Since this movie is still playing in theaters and at the start of it’s run, I’m doing a spoiler-free review. That’s right spoiler-free! Just a note here before we get to the nitty-gritty. My spoiler-free reviews are to help you decide if you think the film is for you. My spoiler-laden reviews are for a more in-depth discussion of what the film meant to me, and should only be read by those who have seen the film, or have no interest in seeing it (in which case I don’t know why you’d want to read a review about it unless you’re my mom … and even then).
To judge from some of the comments I heard when I left the theater, people either loved this, or it was a bit too crazy for them. So if you’re a more down-to-earth, realistic type person who doesn’t go in for the fantastical fable kind of story, then Sorry to Bother You may not be for you, or you may like it until the last 30 minutes where things really go haywire. If, however, you love the heck out of well-told parables (for example, if you liked Idiocracy), then you’re going to love this film.
So, in my opinion, writer/director Boots Riley’s debut film is a trip. It’s hilarious. It’s poignant. And it’s a frightening foreboding fable. At the story’s start, Cassius “Cash” Green (yes, he’s named that for a reason) is looking for a job in the exciting world of telemarketing. He lives in his uncle’s garage and owes four months rent. His girlfriend, Detroit (Tessa Thompson), is an artist but has risen to the top of the world of sign twirling. Driven (she’s already gotten the best corners), Detroit is hard at work on an art/performance piece that she thinks will shake things up and launch her career as an artist. A go-getter, it’s not clear why she’s with Cash (Lakeith Stanfield), because at first, he seems like he’s anything but. But when he goes on his interview and is first chastised then lauded for the creative lies (complete with props) he tells to impress the boss, we can see why Detroit has fallen for him.
The boss (Robert Longstreet) is impressed and sees big things for Cash. He dangles the coveted status of Power Caller in front of him, a seemingly mythical status that only the best of the best attain to ride that golden elevator to the top. Cash takes the job and crashes until he takes a piece of advice from a veteran telemarketer, Langston (Danny Glover), who tells him to use his white voice. At first, Cash rebuffs this suggestion, but after seeing its success he relents and soon is well on his way to the top. Meanwhile, we keep seeing ads for a company called WorryFree, which is looking for workers. And as the film goes on, we learn more and more just what working for them entails. At the same time, one of the workers enlists him in their drive to organize for better pay and better working conditions. Before he learns the secrets of the white voice he’s a strong proponent of the union, but when he’s offered a promotion, he stops his participation, telling them he’s still willing to give them moral support. And here begins the slippery slope of trading his values for cash. It’s from this point on that the film puts magical realism into a high gear and the shit hits the fan.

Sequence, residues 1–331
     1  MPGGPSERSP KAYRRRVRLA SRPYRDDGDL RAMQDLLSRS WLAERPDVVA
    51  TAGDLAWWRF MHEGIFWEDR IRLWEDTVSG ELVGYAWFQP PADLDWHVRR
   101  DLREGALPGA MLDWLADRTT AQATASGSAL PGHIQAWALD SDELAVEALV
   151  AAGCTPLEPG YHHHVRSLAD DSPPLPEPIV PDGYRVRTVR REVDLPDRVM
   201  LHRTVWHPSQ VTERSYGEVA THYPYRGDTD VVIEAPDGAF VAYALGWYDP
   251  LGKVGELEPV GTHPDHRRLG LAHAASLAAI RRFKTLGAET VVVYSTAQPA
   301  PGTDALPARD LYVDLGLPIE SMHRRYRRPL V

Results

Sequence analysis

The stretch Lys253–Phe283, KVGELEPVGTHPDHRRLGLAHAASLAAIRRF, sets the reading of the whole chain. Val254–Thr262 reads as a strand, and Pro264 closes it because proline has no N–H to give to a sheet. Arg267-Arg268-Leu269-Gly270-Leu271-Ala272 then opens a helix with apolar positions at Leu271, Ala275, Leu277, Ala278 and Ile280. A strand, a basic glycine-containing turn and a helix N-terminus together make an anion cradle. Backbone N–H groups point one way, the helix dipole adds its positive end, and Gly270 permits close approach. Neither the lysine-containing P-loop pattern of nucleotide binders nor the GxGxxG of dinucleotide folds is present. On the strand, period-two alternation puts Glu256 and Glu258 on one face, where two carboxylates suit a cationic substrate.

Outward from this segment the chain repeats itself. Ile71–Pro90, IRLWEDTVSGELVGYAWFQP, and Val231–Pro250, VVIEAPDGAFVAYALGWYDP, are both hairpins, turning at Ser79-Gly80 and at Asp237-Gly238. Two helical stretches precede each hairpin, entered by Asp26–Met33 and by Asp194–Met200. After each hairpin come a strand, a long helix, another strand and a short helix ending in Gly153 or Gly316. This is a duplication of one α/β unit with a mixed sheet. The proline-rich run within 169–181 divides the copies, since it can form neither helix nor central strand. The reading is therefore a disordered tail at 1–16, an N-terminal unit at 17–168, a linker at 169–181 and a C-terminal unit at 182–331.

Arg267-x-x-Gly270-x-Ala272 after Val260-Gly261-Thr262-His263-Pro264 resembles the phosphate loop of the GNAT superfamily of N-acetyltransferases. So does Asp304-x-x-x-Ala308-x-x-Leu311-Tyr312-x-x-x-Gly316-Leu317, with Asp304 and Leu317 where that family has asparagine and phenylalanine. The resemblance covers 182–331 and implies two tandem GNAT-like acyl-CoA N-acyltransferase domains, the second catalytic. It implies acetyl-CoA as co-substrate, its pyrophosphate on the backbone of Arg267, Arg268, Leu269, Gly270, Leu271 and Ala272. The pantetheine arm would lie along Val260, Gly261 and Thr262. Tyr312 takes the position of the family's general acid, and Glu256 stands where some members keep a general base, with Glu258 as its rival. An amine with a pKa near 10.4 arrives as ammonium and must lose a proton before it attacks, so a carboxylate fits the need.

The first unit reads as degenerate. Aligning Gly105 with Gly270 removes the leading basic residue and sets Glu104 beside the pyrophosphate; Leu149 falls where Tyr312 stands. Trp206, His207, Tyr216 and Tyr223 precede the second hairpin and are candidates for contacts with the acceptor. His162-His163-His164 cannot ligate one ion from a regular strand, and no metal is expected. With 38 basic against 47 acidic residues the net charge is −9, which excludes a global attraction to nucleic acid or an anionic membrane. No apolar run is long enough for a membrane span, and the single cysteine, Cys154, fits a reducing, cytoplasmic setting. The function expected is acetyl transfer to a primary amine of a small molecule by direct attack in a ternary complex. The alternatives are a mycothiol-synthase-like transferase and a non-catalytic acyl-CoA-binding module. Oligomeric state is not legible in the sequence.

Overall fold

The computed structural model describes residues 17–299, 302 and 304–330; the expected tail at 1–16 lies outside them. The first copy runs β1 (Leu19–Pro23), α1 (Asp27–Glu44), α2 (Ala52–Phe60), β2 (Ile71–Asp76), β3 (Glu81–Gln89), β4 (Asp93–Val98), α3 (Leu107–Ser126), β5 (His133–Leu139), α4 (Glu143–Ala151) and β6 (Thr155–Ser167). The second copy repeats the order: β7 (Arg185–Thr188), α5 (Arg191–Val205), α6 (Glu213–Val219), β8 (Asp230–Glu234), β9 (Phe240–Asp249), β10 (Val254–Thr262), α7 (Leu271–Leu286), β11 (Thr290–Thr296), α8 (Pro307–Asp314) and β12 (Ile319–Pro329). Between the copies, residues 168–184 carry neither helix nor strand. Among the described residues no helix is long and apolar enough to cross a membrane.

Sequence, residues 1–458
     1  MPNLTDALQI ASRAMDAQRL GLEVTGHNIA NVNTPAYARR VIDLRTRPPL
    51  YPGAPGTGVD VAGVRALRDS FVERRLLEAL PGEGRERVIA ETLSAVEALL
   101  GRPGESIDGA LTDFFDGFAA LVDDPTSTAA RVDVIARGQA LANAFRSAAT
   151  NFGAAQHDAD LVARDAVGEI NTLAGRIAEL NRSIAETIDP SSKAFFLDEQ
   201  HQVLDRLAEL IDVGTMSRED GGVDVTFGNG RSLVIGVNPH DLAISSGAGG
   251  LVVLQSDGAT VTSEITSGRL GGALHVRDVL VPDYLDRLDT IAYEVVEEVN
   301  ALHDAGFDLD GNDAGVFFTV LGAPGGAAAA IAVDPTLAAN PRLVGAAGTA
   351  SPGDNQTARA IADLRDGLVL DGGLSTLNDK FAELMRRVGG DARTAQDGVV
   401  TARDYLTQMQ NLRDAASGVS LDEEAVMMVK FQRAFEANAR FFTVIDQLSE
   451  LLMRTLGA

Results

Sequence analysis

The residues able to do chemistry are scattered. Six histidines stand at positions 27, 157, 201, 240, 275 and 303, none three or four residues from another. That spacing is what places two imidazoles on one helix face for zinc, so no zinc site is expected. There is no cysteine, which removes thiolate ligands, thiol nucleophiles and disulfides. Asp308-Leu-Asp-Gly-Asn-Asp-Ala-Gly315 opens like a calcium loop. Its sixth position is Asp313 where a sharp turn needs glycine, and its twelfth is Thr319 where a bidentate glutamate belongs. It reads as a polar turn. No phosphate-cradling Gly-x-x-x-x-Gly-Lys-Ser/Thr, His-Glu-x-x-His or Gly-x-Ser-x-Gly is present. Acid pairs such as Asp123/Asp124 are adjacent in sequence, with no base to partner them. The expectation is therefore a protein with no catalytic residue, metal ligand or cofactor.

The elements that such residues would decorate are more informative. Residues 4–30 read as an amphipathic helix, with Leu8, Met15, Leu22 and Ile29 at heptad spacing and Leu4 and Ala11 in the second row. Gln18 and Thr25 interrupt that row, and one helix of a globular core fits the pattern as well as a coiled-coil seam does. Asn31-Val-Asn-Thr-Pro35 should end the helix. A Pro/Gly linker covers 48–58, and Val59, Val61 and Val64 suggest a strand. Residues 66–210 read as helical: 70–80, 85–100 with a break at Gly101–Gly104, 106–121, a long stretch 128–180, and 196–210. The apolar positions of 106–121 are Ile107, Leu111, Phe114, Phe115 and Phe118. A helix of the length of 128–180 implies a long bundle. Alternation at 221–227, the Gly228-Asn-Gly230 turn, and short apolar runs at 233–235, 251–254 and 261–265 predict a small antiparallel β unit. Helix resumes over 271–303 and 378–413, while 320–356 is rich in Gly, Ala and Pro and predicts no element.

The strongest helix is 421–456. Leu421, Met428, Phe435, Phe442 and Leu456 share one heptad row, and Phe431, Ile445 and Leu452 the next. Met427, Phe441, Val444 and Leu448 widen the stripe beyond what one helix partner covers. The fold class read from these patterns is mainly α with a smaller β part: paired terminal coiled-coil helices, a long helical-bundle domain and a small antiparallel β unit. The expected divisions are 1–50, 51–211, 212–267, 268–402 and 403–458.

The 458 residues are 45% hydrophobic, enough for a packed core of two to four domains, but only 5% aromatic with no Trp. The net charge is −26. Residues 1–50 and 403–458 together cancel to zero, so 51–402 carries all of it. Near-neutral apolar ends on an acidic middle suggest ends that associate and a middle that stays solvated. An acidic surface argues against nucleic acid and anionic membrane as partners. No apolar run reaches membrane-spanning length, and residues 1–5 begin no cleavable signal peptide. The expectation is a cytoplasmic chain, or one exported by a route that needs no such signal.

Riley has created a fantastic parable that in 10 years time might not be that far off from reality (see Idiocracy). Filled with hilarious sight gags, relentlessly building on its own memes, the film keeps turning the screws on Cash and the world until the final shot. Armie Hammer is brilliant as Steve Lift, the owner of WorryFree, coming across as megalomaniacal and debilitatingly insecure all at the same time. While Thompson shows her knack for playing the wacky things straight. But it’s Stanfield who works the big magic here, portraying a likable loser that we still root for despite all the awful choices he’s made.
Posing the big questions like when do you know you’ve sold your soul, what is evil, and what is your responsibility to stop it, the film takes a deep dive into some extremely serious issues for our time, while remaining a relentlessly fun and fascinating film. There’s so much wild visual art in this film it’s bound to keep revealing things upon subsequent watches. And I do plan to watch it subsequently.